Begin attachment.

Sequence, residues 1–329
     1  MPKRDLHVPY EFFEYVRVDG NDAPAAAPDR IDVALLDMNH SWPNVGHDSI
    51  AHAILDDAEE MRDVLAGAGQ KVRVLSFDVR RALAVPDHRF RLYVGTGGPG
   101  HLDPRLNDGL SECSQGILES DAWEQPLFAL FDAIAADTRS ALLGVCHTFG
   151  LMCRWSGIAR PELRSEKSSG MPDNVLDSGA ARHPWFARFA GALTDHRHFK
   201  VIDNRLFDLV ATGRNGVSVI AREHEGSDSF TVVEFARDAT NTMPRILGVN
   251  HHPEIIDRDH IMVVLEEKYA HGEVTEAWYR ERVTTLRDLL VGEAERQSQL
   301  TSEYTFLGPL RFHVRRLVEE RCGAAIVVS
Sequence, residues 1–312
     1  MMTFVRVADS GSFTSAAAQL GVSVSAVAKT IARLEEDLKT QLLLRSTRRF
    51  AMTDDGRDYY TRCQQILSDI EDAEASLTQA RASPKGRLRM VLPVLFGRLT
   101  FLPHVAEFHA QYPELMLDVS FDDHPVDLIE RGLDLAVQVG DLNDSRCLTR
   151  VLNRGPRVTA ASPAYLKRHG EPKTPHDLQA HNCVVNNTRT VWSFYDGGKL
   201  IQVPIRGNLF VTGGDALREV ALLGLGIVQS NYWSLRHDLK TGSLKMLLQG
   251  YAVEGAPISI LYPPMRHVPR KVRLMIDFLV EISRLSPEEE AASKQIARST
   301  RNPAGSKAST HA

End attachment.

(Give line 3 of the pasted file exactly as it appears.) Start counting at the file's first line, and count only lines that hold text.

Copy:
    51  AHAILDDAEE MRDVLAGAGQ KVRVLSFDVR RALAVPDHRF RLYVGTGGPG